Framed in Constructed New England Regional Literary Identity

Throughout the many years that she lived and worked as a photographic artist at Dimbola, her home in Freshwater on the Isle of Wight, England, Julia Margaret Cameron was friend and neighbor to Alfred, Lord Tennyson. During a brief artistic career that began late in her life, Cameron’s access to Tennyson’s visitors at his Farringford home allowed her to craft numerous portraits of Victorian celebrities, including astronomer John Herschel, naturalist Charles Darwin, Pre-Raphaelite artist George Frederick Watts, as well as others too numerous to list here. These were gifted in albums to friends and family, exhibited through the British Royal Photographic Society, and sold in both Europe and America.

While the achievement of classification among high art was no easy task for a Victorian photographer, much less for someone who aspired to become a great photographic artist; Cameron was determined. As legend would have it, at her home down the lane from Tennyson, she transformed her coal house into a dark room and her glass fowl house into a studio. With the help of her household staff, Cameron began her career as a photographic artist whose deeply romantic attachments to her craft were revealed from the beginning, as she wrote, “I longed to arrest all beauty that came before me, and at length the longing has been satisfied. Its difficulty enhanced the value of the pursuit.”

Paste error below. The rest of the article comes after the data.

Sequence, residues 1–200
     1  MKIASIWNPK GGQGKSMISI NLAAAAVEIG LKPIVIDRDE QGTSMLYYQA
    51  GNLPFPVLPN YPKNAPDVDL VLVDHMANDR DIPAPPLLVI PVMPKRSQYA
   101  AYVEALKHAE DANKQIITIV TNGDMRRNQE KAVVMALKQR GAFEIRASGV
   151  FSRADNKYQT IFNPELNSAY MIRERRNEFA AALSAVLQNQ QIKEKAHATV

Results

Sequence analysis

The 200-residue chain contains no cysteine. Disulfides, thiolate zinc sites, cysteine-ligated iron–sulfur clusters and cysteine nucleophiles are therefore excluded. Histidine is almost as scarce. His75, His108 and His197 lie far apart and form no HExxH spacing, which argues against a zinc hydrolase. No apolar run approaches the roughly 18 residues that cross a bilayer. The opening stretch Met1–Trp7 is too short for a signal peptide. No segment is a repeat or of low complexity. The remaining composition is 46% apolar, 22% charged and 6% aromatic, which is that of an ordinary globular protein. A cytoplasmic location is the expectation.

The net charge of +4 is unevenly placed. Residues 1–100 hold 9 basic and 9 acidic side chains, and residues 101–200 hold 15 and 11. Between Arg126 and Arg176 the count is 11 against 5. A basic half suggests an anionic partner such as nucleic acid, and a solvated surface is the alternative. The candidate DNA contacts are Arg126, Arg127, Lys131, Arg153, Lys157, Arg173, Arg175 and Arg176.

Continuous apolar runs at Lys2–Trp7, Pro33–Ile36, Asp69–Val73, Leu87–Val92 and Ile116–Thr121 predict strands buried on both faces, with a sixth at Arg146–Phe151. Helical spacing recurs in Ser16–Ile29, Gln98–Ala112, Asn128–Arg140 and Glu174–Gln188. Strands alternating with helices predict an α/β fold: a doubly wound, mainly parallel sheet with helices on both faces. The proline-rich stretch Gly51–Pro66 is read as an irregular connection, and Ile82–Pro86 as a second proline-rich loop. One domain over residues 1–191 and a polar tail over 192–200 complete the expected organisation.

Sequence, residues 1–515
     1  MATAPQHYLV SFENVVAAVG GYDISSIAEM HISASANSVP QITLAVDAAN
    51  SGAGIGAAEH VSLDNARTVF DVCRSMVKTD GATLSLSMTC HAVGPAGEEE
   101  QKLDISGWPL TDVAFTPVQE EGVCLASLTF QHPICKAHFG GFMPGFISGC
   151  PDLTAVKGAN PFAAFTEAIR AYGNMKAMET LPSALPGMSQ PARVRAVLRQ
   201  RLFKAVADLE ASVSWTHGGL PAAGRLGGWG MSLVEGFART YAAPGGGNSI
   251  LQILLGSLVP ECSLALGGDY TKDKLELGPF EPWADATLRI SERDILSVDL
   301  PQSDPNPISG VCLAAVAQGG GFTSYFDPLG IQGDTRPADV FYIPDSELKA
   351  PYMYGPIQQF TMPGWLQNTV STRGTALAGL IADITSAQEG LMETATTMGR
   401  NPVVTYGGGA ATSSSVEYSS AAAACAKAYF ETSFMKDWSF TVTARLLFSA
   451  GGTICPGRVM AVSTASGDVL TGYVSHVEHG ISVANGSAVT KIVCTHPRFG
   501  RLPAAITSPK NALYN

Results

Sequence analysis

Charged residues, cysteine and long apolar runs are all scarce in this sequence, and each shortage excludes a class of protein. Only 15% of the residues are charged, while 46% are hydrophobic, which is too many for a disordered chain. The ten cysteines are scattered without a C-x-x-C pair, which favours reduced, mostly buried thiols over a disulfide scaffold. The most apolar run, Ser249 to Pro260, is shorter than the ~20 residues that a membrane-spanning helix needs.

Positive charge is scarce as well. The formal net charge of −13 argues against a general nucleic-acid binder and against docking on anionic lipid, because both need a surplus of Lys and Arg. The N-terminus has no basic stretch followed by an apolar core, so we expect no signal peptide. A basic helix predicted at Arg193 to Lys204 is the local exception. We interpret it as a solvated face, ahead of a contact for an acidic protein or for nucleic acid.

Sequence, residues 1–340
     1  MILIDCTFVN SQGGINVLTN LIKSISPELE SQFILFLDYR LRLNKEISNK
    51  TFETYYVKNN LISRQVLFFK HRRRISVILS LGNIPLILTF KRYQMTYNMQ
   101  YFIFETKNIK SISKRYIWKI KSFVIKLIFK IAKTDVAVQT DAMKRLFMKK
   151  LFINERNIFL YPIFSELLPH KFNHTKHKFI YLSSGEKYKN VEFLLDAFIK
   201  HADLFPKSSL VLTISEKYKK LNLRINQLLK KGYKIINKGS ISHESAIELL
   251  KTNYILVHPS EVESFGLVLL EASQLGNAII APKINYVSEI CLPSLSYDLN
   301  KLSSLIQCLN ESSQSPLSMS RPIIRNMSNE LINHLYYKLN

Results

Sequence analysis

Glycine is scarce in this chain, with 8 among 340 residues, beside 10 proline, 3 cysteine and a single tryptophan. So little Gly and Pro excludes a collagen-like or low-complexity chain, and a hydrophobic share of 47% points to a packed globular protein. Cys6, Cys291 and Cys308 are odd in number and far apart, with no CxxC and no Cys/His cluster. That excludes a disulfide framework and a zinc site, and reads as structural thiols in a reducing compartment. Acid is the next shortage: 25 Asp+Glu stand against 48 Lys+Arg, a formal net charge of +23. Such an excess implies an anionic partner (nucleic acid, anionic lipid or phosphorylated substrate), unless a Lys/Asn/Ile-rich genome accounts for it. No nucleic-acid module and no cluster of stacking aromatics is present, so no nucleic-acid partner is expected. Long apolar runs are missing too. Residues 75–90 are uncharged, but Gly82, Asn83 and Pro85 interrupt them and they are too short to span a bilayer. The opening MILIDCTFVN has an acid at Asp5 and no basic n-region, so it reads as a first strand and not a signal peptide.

Julia Margaret Cameron, Astronomer John Herschel, 1867

Cameron, intent on achieving artistic greatness through photographic art, knew that the distinction between the commercial photographer and the photographic artist was critical. High and low art stratification was particularly relevant toward her own efforts to align herself with those subjects, both male and female, who belonged to an elite British culture and society of the Victorian era. As Tennyson’s friend and neighbor, her access to these particular subjects increased over time, and as mentioned in his 1866 review of Cameron’s photographs for Macmillan’s Magazine, by Coventry Patmore, “She is evidently endowed with an unusual amount of artistic tact; she knows a beautiful head when she sees it—a very rare faculty; and her position in literary and aristocratic society gives her the pick of the most beautiful and intellectual heads in the world.”

To this end, Cameron employed the use of a labor intensive technique that she adjusted to her own distinct and careful specifications. Consistently, she filled her photographic compositions with the head of her subject, draped them in luxurious fabric, bathed them in sunlight that descended from above, and often carefully adjusted her lens both deliberately and slightly out of focus. This was followed by the development process, that she performed herself, and which was essential toward the pursuit of her individually crafted fine art photographic portraits.

Charles Darwin, by Julia Margaret Cameron,
albumen print, 1868-1869.